“How many raindrops fill the river?” The question isn’t necessarily surprising, given the environment in which it was asked.
An elementary school-aged child posed it to their teacher, while testing the pH levels during a puddle science class.
It’s just a typical day, and one example of inquiry-based learning—the curiosity spurred through direct exploration of nature that happens in an outdoor classroom at Saplings Nature School.
“It’s beautiful, because outside, students are really able to think about it in their experience, as it’s happening,” says Heather Fraser, founder and director, Saplings Nature School.
“We don’t just learn science, we do science. We’re fully immersed in our B.C. curriculum, which supports this kind of learning because it's very competency focused, and we’re able to show how we’re doing these competencies. Our curriculum is done through project-based learning, so cross-curriculum is happening.”
When children spend significant time learning in, with and from nature, it has countless benefits for a student's motivation, mental health, overall engagement in life-long learning and a commitment to creating a sustainable future.
New nature-based elementary school
An early childhood educator, Fraser wanted to provide an opportunity for children to explore and experience the natural world through practical involvement, and established Saplings Preschool in 2012 for her children, now grown kids.
The enthusiasm received from the preschool, plus their afterschool programs, helped to lay the groundwork, fuelling the launch of Saplings K-4 Learning Centre. Operating a little more than two years, it’s now officially Saplings Nature School.
“The feedback has been very positive,” reveals Fraser. “Parents tell me their kids aren’t fighting with them to go to school and look forward to bringing their ideas home. They say, ‘I really want to work on this; I’m so excited about this.’”
“September marks our first year officially opening as a B.C.-certified nature school.”
Employing a holistic approach, Saplings Nature School students’ learn to connect deeply to place, become active citizens, and engage inquisitively and critically in the world around them.
“Students are developing real-world connections, discovering their passions, while focusing on interpersonal relationships and emotional intelligence,” explains Fraser.
She adds, “Learning is happening everywhere.” The curriculum is both indoor and outdoor, made up of full days, where students learn to appreciate and care for themselves, one another, their community and environment through hands-on, student-centred and multi-age experiences.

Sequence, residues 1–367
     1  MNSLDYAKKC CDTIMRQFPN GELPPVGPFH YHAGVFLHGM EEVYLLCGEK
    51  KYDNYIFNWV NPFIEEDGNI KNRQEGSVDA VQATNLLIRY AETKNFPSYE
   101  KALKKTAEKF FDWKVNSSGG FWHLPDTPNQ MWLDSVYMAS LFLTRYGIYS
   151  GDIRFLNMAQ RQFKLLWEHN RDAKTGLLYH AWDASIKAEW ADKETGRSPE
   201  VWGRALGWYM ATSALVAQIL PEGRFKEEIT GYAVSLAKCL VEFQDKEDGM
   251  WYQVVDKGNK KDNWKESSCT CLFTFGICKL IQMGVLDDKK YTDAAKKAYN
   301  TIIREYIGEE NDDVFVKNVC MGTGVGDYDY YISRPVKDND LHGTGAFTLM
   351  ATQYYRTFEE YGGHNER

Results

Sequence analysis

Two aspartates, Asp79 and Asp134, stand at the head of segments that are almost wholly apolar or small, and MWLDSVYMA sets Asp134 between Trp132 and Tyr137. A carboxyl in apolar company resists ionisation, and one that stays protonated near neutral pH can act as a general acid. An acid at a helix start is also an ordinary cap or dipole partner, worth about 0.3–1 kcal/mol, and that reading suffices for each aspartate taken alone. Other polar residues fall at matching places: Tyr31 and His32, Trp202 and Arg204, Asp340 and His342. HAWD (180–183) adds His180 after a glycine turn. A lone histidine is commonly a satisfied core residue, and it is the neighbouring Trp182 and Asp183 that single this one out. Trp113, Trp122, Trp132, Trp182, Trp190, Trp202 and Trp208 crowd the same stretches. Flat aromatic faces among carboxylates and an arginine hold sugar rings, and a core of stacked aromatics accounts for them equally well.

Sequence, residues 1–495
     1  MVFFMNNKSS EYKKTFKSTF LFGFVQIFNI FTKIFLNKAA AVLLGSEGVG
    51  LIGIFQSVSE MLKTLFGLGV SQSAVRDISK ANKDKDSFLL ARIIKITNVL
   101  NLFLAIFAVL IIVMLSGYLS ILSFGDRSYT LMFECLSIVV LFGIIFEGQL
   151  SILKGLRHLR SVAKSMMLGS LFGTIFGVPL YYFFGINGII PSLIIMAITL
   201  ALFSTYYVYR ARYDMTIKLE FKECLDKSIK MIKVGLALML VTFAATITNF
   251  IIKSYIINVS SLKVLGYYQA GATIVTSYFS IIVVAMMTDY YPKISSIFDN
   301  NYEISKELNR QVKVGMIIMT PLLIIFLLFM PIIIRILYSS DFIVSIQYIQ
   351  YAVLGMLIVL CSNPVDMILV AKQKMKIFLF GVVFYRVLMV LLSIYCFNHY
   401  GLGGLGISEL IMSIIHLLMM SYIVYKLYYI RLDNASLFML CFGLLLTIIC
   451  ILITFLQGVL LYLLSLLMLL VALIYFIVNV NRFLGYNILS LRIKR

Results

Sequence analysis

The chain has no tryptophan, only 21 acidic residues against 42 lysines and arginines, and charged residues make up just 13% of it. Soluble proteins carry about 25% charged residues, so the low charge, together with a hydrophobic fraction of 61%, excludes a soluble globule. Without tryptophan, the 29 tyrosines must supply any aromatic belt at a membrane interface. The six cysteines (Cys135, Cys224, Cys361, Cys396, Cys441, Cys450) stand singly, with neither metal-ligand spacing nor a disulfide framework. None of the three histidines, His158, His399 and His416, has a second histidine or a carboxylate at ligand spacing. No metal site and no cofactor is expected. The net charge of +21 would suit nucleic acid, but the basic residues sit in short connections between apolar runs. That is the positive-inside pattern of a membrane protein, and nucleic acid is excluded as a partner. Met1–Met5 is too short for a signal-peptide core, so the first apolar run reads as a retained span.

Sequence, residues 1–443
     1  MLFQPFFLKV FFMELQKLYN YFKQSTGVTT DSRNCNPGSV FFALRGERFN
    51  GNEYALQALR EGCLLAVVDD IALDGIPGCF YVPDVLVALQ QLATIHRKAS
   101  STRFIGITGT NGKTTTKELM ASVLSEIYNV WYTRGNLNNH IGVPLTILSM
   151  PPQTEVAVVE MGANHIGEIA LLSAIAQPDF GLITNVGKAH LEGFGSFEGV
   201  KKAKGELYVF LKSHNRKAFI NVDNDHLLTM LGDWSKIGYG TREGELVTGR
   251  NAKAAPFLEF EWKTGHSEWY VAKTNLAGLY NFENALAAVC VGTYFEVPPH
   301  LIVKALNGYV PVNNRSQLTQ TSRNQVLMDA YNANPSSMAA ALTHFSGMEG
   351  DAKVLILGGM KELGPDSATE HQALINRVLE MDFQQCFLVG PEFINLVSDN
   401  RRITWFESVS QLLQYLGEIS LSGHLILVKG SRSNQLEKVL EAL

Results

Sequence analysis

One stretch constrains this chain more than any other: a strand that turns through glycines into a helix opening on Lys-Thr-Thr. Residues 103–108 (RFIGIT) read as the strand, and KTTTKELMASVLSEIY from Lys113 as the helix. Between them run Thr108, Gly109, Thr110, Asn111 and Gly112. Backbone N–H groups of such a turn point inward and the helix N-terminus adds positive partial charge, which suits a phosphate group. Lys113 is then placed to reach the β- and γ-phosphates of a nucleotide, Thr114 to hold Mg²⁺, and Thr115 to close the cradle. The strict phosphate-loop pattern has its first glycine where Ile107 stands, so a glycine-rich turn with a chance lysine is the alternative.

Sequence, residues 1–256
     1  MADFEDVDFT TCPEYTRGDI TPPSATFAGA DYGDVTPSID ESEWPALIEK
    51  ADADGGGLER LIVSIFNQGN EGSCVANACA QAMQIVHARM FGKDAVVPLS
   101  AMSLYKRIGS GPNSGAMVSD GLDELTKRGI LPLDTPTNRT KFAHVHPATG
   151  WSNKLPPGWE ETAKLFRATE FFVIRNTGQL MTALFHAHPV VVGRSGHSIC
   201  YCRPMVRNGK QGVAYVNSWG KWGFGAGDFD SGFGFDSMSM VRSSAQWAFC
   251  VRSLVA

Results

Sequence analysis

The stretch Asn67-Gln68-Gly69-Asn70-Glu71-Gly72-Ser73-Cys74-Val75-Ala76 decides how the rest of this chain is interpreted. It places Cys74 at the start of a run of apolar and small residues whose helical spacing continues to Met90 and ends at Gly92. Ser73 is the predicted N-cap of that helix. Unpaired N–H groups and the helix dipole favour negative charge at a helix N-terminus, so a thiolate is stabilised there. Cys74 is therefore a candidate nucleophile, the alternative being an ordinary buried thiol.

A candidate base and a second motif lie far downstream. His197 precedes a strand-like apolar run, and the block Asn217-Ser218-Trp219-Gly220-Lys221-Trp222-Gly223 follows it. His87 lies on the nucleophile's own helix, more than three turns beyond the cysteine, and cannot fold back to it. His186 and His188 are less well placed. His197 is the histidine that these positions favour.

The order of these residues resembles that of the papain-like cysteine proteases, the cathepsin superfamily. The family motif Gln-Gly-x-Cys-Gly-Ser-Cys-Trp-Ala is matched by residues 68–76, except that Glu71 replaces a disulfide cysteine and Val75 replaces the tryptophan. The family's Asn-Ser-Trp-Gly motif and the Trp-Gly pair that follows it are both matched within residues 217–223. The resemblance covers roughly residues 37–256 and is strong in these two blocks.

“We take our students outside of the traditional four walls and provide relationship building opportunities with our local environment,” says Fraser. “This allows them to learn with, in and from the living world around them, creating citizens who are community-based, and sustainability minded.”
Four fun ways to learn (when you’re a Sapling)
1. Ready for anything
Be ready to go no matter what you may get up to! You’ll learn to be adaptable and responsive in the natural world and its many communities in your daily inquiries, both inside and out.
2. River science
Expect first-hand daily exploratory experiences about your environment and seek answers to your own questions. Explore your personal curiosities while at the same time gain awareness of your roles and responsibilities toward this planet and all its creatures.
3. Meeting a tree
Learning from all your neighbours is an important part of your immersive experience. You’ll embrace and appreciate diversity in all its forms, from traditional usage of plants, to understanding the community that lies beneath, lives in, or resides nearby your daily entanglements.
4. Community building
Exploring indoor spaces helps you synthesize and showcase your learning. Through creating large, long-term projects, you’ll build the important life skills of self-awareness, self-advocacy, question-posing, observation, research, thinking critically, and individual and group work.
“Saplings get to apply what they know to hands-on, memorable experiences,” says Fraser. “The children are working on mapping the community using technology to make sure we have included all the streets and important points in our big community map.”
“We’re so excited to offer this opportunity at our nature-based school for families and give children this authentic learning experience,” Fraser says. “We look forward to registering kids for the 2022 and 2023 school year, to learn outside in our beautiful environment.”
For more information, visit saplingsnatureschool.ca.